Plugging a burnout


Blog by Steve Laug

I picked up an old Dunhill Root Briar off eBay that I knew would have to have a lot of work done to make it smokeable once again. It was obvious that it would need a plug as it was burned out. Many probably would not have bid on it but I got it for cheap and thought it would be worth learning how to do a briar plug to repair it. With not a huge amount invested in it I figured it was worth the education I would get doing a repair. I often will buy pipes on eBay that are rejects for the sole purpose of learning a new skill in the repair department.

When the old Dunhill arrived I opened the package for the initial inspection of the pipe. I wanted to have a clear picture of what I would be dealing with in the repair. On the underside of the bowl there was some kind epoxy fill that had been injected into small burnout spot. It had been also daubed on the bowl to provide a layer of “insulation” or something. It was really a mess in terms of the application of the epoxy. No amount of wiping the bowl down with alcohol or acetone would remove the goo from the surface of the pipe. I sanded it until the bottom was back to briar alone and the glue was gone. I then used a dental pick to check the integrity of the bottom of the pipe. I wanted to find out from the outside how far the damage had gone into the briar. If it was charcoal like and soft I would know the extent to which I would have to drill out the bottom of the bowl. I marked the extent of the damage with a permanent marker to show how far the burnout had damaged the briar.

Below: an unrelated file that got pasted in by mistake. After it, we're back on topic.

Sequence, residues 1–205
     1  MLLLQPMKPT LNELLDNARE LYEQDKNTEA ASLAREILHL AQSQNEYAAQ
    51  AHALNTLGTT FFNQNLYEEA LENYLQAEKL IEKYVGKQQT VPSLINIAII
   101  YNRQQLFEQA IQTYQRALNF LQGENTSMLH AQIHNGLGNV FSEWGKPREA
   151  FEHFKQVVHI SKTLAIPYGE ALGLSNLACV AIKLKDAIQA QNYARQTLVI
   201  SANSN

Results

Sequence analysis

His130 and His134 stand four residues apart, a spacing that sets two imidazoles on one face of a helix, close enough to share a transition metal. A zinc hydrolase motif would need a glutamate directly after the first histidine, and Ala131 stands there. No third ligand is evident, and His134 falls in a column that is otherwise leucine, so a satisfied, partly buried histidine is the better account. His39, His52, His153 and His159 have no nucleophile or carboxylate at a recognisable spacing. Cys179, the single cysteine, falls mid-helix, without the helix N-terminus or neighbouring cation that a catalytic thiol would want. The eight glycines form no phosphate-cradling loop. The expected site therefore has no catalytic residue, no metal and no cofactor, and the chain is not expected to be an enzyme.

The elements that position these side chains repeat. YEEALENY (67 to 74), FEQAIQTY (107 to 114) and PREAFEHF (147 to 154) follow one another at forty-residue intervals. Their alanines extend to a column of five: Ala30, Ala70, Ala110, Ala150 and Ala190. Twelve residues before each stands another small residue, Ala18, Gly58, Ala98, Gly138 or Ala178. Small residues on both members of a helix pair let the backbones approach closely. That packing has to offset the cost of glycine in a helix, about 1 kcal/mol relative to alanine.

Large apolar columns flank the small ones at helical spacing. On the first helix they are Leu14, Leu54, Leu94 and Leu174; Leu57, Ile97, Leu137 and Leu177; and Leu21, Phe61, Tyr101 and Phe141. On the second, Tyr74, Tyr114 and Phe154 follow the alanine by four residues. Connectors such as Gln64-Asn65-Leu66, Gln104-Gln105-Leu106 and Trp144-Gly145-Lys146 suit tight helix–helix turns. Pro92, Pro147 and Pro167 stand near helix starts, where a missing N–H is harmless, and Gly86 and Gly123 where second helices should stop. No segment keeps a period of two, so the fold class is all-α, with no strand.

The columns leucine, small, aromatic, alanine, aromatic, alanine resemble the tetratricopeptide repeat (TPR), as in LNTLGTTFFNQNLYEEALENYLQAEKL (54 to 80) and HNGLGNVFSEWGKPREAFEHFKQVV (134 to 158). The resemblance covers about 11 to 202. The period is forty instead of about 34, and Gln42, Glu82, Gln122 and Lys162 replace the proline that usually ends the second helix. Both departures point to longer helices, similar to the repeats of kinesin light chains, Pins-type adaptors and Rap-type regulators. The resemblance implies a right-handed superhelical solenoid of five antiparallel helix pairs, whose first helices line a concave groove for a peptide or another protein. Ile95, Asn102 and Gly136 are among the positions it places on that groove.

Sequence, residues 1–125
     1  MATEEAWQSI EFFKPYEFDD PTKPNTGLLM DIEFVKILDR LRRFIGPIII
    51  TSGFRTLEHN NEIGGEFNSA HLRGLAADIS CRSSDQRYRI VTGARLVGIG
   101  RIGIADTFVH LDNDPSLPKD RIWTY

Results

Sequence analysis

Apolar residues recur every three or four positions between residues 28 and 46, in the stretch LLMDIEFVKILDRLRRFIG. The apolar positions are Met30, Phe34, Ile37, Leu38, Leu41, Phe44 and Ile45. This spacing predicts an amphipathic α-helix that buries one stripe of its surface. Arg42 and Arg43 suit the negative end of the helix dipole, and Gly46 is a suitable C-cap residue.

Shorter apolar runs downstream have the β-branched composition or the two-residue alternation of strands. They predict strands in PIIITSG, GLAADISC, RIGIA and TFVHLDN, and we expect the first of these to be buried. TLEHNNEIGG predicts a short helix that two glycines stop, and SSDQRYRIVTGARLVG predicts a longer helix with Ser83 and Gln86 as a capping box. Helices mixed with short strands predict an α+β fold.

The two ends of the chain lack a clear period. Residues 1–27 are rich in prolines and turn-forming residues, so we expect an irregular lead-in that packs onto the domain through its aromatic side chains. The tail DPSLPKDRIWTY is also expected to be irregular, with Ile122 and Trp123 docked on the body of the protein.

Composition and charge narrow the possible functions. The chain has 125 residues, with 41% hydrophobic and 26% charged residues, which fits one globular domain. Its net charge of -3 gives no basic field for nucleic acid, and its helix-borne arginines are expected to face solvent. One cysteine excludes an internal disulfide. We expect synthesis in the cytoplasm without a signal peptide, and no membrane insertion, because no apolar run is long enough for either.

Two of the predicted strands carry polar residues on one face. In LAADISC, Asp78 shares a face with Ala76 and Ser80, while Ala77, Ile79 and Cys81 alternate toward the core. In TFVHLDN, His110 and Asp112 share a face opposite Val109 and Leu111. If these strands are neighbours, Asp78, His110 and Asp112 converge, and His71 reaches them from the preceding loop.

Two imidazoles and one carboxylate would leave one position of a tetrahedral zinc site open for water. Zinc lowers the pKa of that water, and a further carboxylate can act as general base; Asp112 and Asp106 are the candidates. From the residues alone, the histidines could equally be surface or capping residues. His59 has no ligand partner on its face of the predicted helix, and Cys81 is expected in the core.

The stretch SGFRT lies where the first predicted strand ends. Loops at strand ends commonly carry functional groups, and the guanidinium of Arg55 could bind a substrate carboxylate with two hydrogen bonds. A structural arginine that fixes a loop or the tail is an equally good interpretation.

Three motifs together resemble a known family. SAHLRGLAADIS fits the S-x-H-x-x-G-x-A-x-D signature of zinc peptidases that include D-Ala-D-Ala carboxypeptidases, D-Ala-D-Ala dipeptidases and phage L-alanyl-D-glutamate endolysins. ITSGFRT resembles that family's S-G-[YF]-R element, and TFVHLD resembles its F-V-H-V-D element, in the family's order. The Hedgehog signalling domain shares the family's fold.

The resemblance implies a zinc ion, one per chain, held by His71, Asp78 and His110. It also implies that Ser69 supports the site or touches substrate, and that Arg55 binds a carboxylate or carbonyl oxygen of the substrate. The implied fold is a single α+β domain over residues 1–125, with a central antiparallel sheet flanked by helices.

Once I had the outside of the bowl cleaned up and the burn out clearly marked I turned my attention to the inside of the bowl. Once I had cleaned out the grit and grime from the inside of the bowl I found that the previous owner had reamed far too aggressively and compromised the thickness of the bottom of the bowl. It was almost ¼ inch below the bottom of the airway. The bottom of the bowl was in fact very thin. Using my dental pick I probed the bowl bottom to identify the extent of the damage around the burn out hole. It was virtually the same as the outside. With that information in hand I was ready to drill out the spot on the bowl.